At least 150 Syrian regime forces died in fighting with rebels for the control of Khan al-Assal, a key town in the northern Aleppo province, a monitoring group said Friday.
More than 50 of those killed were executed by rebels after the fall of Khan al-Assal on Monday, while the rest died fighting for the regime's last bastion in the west of Aleppo province, said the Syrian Observatory for Human Rights.
Thirty of those killed in both the executions and fighting were officers, the Observatory said.
Rebels had for months tried to take Khan al-Assal, a strategically located town in the west of Aleppo province.
It finally fell into rebel hands on Monday but fighting continued on its edges the next day, said the Observatory.
Amateur video filmed by rebels and distributed by the Observatory showed the bodies of dozens of regime forces in a building that had been the site of a battle.
"Mass graves for Bashar (al-Assad's) army," says one unidentified fighter, referring to the Syrian president, as a cameraman walks through the complex filming the corpses.
"These are Assad's dogs," the unidentified cameraman adds.
Khan al-Assal is located that leads to the western part of Aleppo city, where rebels have stepped up their bid to break a year-long stalemate in fighting with the army.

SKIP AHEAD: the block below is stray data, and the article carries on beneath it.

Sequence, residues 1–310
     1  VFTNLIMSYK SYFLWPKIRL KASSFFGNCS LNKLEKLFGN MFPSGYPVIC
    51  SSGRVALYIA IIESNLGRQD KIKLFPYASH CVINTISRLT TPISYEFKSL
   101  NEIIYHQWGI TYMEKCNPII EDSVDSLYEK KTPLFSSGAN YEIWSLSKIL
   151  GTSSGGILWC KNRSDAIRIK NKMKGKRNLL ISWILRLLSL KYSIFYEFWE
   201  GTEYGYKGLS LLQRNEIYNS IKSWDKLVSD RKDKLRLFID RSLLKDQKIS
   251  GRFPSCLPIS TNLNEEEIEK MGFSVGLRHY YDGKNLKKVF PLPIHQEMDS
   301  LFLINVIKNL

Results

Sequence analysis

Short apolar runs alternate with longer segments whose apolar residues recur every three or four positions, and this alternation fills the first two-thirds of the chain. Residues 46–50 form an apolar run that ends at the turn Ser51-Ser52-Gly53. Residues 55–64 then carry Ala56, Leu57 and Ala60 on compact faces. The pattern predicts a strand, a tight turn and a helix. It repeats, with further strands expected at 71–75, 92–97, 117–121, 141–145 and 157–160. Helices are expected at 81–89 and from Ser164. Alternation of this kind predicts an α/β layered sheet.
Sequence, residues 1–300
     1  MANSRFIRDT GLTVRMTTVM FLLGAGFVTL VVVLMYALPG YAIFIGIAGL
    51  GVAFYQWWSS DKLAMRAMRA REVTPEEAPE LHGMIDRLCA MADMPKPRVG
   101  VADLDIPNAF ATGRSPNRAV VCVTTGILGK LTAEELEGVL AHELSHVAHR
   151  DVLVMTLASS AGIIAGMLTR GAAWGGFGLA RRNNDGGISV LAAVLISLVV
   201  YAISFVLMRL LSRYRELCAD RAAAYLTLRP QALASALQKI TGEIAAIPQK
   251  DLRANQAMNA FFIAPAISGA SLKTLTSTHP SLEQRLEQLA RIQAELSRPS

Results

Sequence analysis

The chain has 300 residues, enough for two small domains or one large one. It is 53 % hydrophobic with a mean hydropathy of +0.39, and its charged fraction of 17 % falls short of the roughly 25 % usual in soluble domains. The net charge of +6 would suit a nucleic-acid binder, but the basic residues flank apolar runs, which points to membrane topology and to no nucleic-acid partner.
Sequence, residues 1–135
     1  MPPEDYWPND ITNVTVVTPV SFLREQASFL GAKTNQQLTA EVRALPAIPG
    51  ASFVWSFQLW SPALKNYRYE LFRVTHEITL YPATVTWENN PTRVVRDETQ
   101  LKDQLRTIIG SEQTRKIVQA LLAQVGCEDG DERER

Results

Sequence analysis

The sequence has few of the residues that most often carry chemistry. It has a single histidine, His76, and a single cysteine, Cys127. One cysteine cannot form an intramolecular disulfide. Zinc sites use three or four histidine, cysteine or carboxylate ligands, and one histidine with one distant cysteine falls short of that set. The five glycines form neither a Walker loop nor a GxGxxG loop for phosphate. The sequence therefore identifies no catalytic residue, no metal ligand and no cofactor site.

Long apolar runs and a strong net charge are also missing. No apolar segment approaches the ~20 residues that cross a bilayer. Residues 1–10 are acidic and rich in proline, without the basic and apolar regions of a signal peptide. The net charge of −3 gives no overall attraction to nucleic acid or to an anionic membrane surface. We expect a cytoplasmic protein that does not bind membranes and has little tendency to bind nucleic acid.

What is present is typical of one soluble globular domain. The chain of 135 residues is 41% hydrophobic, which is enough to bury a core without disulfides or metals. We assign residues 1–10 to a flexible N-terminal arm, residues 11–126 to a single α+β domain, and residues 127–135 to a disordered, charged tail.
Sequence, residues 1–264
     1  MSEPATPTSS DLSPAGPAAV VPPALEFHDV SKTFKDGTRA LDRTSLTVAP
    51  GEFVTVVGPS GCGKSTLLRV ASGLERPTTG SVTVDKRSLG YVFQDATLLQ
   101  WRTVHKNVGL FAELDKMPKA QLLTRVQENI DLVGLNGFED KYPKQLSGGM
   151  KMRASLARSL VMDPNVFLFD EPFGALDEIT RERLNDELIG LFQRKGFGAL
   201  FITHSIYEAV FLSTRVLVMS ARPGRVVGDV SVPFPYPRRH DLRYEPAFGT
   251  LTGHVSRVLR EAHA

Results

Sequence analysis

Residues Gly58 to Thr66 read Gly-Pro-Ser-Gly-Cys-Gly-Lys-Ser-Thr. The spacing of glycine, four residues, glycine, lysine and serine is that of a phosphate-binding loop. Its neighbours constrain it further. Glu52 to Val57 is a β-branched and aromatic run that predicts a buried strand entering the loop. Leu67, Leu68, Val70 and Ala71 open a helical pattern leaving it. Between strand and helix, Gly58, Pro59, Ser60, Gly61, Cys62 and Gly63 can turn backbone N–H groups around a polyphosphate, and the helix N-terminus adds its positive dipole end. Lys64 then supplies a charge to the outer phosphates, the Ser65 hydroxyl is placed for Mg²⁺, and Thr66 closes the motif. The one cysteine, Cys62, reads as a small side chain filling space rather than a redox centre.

The mainstream rebel Ninth Division claimed responsibility for taking Khan al-Assal in a video statement distributed on Monday.
But footage distributed on Friday by the Observatory said jihadists including Al-Nusra Front were behind the takeover.
Fierce fighting raged in March in Khan al-Assal during eight days in which 200 rebels and government forces were killed but the insurgents seized the police academy and briefly controlled other positions.
Both sides have also traded accusations that chemical weapons were used in Khan al-Assal and killed around 30 people, according to a toll released in March by the Observatory and the regime.
Elsewhere in Syria opponents to Assad's regime held protests on Friday calling for his ouster, as they have done once a week for more than 28 months, said the Observatory.
Protesters gathered in several Syrian towns and cities, under the slogan of "Friday of the Unsheathed Sword of God".
The slogan refers to a name given to Khaled Bin Walid, a companion of Prophet Mohammad, whose mausoleum in the central city of Homs was bombarded and destroyed this week.